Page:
Lung-protective ventilation is used to prevent further lung injury in patients on invasive mechanical ventilation. However, lung-protective ventilation can cause hypercapnia and hypercapnic acidosis. There are no large clinical studies evaluating the effects of hypercapnia and hypercapnic acidosis in patients requiring mechanical ventilation.Design:
Multicenter, binational, retrospective study aimed to assess the impact of compensated hypercapnia and hypercapnic acidosis in patients receiving mechanical ventilation.Settings:
Data were extracted from the Australian and New Zealand Intensive Care Society Centre for Outcome and Resource Evaluation Adult Patient Database over a 14-year period where 171 ICUs contributed deidentified data.Patients:
Patients were classified into three groups based on a combination of pH and carbon dioxide levels (normocapnia and normal pH, compensated hypercapnia [normal pH with elevated carbon dioxide], and hypercapnic acidosis) during the first 24 hours of ICU stay. Logistic regression analysis was used to identify the independent association of hypercapnia and hypercapnic acidosis with hospital mortality.Interventions:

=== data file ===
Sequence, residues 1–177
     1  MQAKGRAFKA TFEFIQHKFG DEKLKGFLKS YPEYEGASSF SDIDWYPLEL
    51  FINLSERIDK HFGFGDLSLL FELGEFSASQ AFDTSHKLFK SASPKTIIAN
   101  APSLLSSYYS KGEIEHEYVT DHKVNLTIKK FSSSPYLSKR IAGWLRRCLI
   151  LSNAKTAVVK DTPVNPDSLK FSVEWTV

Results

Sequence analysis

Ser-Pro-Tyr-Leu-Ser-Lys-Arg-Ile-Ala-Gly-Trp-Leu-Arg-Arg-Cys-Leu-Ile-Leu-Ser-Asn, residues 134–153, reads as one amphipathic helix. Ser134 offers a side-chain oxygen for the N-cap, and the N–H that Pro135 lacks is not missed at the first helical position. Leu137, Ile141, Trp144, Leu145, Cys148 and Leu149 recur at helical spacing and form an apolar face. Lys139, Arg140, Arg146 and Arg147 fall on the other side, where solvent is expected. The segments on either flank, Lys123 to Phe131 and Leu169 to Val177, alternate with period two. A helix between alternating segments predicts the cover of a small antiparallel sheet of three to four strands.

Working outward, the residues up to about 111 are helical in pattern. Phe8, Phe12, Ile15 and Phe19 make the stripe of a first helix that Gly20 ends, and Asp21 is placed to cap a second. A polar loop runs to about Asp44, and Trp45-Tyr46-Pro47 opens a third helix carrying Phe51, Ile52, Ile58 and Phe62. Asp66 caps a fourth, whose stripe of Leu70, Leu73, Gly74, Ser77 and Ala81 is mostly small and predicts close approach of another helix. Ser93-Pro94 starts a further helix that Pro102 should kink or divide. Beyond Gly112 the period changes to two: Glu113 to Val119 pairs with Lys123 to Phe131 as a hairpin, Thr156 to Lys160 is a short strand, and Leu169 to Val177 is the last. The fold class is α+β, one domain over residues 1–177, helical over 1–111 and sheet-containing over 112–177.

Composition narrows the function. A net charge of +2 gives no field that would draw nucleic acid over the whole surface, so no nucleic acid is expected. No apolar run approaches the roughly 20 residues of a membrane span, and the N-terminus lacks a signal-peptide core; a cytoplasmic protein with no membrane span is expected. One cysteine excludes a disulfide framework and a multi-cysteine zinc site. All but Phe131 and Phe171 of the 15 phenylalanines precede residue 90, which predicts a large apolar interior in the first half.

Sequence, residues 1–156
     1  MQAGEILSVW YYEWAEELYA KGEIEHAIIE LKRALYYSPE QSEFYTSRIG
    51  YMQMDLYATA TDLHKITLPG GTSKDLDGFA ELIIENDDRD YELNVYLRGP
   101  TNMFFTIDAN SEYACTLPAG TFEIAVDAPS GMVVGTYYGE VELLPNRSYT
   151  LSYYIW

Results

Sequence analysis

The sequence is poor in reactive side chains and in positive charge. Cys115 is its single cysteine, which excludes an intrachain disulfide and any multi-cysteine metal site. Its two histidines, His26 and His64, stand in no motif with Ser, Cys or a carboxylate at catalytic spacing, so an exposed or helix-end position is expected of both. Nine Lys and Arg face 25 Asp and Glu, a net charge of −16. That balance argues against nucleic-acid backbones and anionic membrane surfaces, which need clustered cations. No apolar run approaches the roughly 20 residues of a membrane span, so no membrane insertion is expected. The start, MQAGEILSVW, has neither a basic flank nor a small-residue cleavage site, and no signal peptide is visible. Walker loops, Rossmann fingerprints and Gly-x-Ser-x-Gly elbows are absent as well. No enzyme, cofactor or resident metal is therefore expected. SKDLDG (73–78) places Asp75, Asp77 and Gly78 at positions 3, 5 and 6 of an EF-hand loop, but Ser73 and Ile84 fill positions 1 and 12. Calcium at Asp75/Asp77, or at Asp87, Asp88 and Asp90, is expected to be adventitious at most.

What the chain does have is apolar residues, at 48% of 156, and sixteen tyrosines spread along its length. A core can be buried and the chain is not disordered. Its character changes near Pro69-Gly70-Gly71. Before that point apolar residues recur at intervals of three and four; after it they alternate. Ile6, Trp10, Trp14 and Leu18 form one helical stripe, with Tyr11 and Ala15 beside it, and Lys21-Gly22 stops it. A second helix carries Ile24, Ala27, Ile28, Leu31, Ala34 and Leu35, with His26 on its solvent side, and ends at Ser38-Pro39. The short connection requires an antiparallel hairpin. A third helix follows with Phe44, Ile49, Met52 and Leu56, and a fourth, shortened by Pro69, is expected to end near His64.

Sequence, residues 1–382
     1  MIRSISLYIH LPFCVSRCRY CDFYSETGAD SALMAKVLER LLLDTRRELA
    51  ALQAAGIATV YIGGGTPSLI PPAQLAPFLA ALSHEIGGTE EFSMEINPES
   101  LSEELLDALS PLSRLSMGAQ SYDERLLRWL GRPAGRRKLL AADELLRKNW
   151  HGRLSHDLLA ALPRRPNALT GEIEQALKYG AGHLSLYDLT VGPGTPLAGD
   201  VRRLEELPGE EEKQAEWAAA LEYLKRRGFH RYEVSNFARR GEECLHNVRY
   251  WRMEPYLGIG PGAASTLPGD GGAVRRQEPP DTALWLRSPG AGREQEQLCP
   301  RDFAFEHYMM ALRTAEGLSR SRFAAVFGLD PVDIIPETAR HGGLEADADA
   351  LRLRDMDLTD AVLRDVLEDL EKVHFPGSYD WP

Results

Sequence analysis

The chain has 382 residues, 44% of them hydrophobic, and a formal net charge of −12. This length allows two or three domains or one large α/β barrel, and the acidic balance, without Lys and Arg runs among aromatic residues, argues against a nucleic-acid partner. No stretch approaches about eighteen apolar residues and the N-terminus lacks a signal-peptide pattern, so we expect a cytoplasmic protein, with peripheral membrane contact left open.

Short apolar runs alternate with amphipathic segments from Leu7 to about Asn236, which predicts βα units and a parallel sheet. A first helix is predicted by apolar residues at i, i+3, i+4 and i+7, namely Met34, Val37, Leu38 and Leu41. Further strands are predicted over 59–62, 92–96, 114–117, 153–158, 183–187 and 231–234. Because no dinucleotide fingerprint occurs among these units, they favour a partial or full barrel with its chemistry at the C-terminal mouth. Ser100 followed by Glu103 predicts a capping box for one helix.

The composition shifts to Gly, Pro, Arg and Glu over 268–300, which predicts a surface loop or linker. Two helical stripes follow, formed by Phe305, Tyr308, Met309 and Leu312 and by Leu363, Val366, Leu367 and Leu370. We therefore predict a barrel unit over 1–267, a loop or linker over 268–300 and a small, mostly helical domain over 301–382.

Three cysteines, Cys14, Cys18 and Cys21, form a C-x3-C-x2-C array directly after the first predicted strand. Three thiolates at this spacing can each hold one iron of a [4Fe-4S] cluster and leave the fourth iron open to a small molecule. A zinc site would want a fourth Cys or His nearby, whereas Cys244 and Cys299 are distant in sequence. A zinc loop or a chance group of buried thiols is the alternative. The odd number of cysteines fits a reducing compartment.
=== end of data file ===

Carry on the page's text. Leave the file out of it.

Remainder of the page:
Nil.Measurements and Main Results:
A total of 252,812 patients (normocapnia and normal pH, 110,104; compensated hypercapnia, 20,463; and hypercapnic acidosis, 122,245) were included in analysis. Patients with compensated hypercapnia and hypercapnic acidosis had higher Acute Physiology and Chronic Health Evaluation III scores (49.2 vs 53.2 vs 68.6; p < 0.01). The mortality was higher in hypercapnic acidosis patients when compared with other groups, with the lowest mortality in patients with normocapnia and normal pH. After adjusting for severity of illness, the adjusted odds ratio for hospital mortality was higher in hypercapnic acidosis patients (odds ratio, 1.74; 95% CI, 1.62–1.88) and compensated hypercapnia (odds ratio, 1.18; 95% CI, 1.10–1.26) when compared with patients with normocapnia and normal pH (p < 0.001). In patients with hypercapnic acidosis, the mortality increased with increasing PCO2 until 65 mm Hg after which the mortality plateaued.Conclusions:
Hypercapnic acidosis during the first 24 hours of intensive care admission is more strongly associated with increased hospital mortality than compensated hypercapnia or normocapnia.